RK: The main event of my life at Nortel was when I was head of the advanced technology laboratory in the late seventies, and I visited Japan, where Nortel had ordered some lasers from NEC for its fibre-optics program. I came away convinced that they had major problems, and that we wouldn't get the lasers. I told a vice-president that, and I was practically thrown out of the room for daring to question the judgment of important people. So I decided to set aside $400,000 to make those devices in-house, but I kept it quiet. This was a decision my entire career rested on, because if I didn't succeed, I'd be out. Two days before the Japanese lasers were due, the project co-ordinator called me and said, "We're not getting the any chance, do you have some?" Within days we had them ready to be released. We were heroes. And with that daring decision, the research labs really started growing.

ACT III (1980s-1990s)

A Canadian darling goes global

The telecom industry in the U.S. is deregulated, producing a host of customers looking to expand their networks. Advances in fields like fibre-optic networks put Nortel at the vanguard of key new technologies. The Internet boom of the late nineties sends the company-renamed Nortel Networks in 1999-into overdrive.

AC-S: We didn't have any trouble attracting talent from anywhere in the world. At one point, we were recruiting 75% of the PhDs in Canada, 50% of the Masters grads, 40% of the engineering and computer-science grads. We didn't have to advertise: We'd get thousands of resumés every year.

FM: Digital technology was the turning point for us. Things really began to take off, and so many things grew out of that. It was so exciting working at Nortel in those days. We felt like we were doing something that would make a mark on the country, and on the world. In the sixties, seventies and eighties, idealism was the fuel that made it all work.

BF: When I joined the company, everyone was laughing at the fact that we were planning to produce digital products. In fact, I remember AT&T and Bell Labs, which were powerhouses in those days, saying that it would never work. But we stuck with it. The big problem was producing a single computer chip programmed to change analog to digital and back; no one had been able to do that, and it was key to the whole business. The accepted wisdom was that it was difficult, expensive and would never work. But we did it, putting it out into a Bell switch in Ottawa on O'Connor Street.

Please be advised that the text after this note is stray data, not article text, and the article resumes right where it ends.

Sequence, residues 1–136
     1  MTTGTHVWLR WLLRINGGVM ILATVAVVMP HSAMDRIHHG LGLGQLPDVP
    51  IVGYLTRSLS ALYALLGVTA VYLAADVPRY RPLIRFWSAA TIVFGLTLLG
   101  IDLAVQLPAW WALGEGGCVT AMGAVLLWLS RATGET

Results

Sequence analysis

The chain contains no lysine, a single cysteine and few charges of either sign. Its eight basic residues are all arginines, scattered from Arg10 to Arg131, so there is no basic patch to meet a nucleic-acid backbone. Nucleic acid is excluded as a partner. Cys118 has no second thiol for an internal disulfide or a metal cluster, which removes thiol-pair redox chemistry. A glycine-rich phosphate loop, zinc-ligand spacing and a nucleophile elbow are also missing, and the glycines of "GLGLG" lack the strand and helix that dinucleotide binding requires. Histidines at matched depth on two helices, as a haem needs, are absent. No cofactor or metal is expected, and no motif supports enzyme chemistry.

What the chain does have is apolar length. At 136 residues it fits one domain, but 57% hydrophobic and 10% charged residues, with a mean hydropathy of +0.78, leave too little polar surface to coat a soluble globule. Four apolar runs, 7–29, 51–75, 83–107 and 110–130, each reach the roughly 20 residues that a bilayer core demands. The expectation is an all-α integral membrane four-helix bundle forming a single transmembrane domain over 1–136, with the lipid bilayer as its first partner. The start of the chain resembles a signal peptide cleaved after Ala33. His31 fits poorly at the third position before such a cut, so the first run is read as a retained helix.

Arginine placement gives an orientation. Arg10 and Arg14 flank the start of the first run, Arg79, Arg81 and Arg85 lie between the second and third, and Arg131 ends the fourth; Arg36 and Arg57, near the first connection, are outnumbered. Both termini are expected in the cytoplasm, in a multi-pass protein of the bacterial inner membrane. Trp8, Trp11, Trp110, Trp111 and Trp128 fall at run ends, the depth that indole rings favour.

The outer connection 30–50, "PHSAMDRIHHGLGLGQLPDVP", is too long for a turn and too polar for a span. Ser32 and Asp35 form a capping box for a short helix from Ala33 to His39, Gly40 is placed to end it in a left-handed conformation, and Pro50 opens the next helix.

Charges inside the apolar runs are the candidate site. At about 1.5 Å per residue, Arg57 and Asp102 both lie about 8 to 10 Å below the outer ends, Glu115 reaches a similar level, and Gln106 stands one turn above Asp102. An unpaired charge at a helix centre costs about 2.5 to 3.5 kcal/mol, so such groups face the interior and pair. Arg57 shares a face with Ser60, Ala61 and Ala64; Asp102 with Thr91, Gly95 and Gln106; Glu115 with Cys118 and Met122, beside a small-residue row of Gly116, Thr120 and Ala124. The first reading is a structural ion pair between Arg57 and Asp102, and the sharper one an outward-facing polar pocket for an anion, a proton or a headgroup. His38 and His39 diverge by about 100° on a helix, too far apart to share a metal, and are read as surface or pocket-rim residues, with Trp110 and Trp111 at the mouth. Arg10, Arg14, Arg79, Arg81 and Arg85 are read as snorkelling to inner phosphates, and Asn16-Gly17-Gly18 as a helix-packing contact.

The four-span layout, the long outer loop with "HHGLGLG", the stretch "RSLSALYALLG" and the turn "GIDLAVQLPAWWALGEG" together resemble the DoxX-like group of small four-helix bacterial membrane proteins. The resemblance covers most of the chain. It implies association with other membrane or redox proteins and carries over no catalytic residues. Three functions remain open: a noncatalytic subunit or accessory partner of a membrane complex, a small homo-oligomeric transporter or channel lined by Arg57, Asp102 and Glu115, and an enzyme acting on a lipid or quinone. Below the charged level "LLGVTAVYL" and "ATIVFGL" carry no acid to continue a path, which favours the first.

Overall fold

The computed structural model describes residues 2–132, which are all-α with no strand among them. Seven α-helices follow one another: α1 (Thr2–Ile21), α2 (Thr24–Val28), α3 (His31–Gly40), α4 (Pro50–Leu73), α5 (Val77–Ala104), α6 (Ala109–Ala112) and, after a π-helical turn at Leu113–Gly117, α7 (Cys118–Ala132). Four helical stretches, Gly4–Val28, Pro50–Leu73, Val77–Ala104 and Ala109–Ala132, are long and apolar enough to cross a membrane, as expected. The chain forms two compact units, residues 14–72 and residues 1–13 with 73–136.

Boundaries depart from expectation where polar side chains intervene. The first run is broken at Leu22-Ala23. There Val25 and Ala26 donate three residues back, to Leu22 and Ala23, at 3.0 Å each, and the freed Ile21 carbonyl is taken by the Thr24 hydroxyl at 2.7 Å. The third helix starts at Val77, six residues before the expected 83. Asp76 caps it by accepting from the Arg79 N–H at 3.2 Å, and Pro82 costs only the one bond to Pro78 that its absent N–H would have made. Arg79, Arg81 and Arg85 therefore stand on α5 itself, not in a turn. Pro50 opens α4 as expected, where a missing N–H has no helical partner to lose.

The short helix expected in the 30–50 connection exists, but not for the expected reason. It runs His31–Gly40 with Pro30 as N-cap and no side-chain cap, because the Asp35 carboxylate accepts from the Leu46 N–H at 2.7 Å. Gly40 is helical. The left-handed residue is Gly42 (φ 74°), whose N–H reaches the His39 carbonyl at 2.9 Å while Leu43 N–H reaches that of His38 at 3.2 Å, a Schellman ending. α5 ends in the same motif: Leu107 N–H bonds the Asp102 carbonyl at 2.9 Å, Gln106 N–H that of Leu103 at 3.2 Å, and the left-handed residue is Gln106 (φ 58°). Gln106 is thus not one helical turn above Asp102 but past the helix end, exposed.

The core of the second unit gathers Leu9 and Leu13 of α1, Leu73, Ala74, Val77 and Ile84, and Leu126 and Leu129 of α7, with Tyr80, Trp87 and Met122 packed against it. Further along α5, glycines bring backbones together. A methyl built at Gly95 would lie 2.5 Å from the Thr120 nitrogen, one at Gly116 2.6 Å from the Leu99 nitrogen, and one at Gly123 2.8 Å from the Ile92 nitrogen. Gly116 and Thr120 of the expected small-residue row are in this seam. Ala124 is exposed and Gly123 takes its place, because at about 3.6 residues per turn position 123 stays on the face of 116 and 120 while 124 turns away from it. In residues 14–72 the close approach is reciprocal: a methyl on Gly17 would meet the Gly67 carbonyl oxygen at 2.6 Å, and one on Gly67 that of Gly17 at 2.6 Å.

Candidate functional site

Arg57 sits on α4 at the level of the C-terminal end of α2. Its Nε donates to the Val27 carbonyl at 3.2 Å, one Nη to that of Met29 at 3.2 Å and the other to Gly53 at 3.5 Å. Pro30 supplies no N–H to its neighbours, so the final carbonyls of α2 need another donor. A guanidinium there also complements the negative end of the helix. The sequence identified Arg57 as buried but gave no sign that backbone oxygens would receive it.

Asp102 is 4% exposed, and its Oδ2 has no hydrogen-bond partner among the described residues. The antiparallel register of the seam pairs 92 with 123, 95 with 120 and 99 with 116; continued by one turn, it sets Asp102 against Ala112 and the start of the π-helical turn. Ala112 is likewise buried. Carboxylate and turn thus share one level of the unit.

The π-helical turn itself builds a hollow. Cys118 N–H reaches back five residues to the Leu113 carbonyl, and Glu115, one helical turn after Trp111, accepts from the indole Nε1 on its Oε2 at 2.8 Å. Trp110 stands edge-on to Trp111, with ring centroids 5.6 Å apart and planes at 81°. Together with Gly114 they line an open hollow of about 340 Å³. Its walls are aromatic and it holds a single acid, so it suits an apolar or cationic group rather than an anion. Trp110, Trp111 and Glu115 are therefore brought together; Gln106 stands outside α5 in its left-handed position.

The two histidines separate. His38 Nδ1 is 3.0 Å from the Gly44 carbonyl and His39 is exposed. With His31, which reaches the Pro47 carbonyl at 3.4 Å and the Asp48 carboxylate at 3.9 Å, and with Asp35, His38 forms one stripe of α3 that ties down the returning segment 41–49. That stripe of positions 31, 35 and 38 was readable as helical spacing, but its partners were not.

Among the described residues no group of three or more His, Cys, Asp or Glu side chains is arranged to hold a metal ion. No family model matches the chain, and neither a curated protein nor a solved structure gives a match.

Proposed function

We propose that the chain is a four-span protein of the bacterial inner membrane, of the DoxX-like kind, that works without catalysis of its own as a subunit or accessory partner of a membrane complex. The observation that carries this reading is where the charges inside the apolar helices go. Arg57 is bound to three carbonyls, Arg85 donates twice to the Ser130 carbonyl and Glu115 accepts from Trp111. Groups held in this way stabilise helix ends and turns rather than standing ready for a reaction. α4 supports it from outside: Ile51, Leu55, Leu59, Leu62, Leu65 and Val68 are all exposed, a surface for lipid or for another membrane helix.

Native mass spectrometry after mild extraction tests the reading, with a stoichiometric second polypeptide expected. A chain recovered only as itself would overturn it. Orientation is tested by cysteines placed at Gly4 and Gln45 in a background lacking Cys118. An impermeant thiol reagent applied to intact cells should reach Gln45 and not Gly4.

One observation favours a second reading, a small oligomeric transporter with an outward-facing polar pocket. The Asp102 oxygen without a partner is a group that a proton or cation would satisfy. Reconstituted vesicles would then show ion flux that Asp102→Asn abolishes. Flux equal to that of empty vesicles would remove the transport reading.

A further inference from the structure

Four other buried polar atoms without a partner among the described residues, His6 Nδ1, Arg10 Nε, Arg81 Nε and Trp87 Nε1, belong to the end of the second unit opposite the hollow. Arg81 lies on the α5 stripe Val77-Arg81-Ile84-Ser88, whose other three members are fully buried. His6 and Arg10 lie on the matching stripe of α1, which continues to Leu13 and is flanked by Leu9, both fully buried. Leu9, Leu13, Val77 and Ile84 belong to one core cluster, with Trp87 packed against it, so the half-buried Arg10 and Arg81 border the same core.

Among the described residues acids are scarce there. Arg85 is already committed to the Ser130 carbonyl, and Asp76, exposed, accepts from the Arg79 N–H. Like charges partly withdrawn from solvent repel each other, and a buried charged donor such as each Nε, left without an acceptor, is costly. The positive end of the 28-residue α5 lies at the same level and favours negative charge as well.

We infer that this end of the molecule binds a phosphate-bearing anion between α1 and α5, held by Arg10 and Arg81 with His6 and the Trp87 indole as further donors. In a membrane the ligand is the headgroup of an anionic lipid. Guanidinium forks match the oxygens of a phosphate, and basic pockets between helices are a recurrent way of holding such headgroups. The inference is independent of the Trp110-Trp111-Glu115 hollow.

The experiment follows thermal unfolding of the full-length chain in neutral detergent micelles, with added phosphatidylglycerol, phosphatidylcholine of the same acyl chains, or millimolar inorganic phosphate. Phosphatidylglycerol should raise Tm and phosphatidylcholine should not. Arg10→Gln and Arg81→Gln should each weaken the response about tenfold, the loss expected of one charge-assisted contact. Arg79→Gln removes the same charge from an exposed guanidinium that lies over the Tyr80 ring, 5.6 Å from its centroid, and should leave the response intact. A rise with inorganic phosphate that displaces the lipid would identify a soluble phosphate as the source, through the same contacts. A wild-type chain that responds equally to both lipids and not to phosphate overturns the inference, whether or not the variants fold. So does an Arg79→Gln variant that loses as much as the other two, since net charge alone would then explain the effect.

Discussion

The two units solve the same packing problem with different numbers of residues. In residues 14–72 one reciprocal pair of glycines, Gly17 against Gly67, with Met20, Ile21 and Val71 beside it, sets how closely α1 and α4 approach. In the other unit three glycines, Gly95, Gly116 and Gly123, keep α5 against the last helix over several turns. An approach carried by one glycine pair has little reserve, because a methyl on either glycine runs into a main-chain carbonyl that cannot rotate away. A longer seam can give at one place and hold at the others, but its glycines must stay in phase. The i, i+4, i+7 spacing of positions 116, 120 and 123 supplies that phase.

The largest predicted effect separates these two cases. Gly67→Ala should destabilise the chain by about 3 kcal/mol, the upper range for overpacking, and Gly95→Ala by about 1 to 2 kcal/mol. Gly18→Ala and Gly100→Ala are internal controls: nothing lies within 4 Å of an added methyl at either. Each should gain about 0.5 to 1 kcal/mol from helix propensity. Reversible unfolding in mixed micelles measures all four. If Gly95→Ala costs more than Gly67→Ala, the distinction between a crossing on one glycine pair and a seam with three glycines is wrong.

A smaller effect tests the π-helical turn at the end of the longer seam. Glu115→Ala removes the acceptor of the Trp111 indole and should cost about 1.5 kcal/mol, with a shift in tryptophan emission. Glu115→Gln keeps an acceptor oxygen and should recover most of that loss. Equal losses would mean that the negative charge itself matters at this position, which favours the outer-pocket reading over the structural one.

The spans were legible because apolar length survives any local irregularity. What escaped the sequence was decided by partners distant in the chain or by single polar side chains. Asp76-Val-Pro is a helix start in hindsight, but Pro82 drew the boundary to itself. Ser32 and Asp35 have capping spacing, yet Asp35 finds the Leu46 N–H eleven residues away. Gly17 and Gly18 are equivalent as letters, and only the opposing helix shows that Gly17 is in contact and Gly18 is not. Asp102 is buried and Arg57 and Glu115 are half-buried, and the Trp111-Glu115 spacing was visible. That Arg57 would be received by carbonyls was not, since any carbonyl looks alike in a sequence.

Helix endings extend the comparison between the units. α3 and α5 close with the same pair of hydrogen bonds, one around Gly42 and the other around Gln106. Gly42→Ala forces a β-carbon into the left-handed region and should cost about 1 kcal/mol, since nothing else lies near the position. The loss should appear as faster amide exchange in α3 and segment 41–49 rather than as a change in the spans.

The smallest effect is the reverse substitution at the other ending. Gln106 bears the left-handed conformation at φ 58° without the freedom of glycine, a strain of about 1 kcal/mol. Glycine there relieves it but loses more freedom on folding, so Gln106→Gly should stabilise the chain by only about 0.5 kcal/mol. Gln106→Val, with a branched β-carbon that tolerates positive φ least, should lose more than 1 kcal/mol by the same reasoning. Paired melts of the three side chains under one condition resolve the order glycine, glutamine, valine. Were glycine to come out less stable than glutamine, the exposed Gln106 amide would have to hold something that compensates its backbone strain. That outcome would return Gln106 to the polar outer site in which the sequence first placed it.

FM: When I look back, we kind of fell into opportunities instead of mastering our way into them. We were nurtured by Bell, for instance, raised almost like a child. Without that, Nortel would never have gotten out of the blocks. Then the U.S. government set the stage for opportunity when they broke up AT&T and created the Baby Bells. By that time, we already had digital switching, which had evolved in our sheltered culture, and they snapped it up. A lot of our good decisions were forced on Nortel by circumstance, and a lot was achieved through luck.

Paul Hanrieder(engineer): Out of university, everyone was vying to get the best job, and so going to work for Nortel back in 1994, when it was really starting to take off, was a major accomplishment. It was something you could tell your family with pride: "I'm working at Nortel." It was almost surreal going through the doors, like you were entering a new culture and not just a job. People worked 14 hours a day, giving up their personal lives, going through divorces because they were so enthused with the company. I can still feel it now; it was ingrained in you, like a mission or a calling. It took over your life.

Paula Klein(software development director): In the early nineties, I joined the fledgling optical networks division, doing things that no other company could do. We were 18 months ahead of the nearest competition, and we knew what we were doing was really groundbreaking. There was a sense of being invincible. I remember going to a huge party that was thrown to celebrate reaching $1 billion in sales.

ML: When I joined in 1982, there were around 25,000 people, and by the late nineties Nortel had grown to almost 100,000. It all happened tremendously fast; it was hard to believe. Of course I watched the stock, like everyone else: It was my retirement plan, and I thought I was going to be a multimillionaire. We used to have an employee purchase plan for company stock, and everyone would compete to see how much they could invest.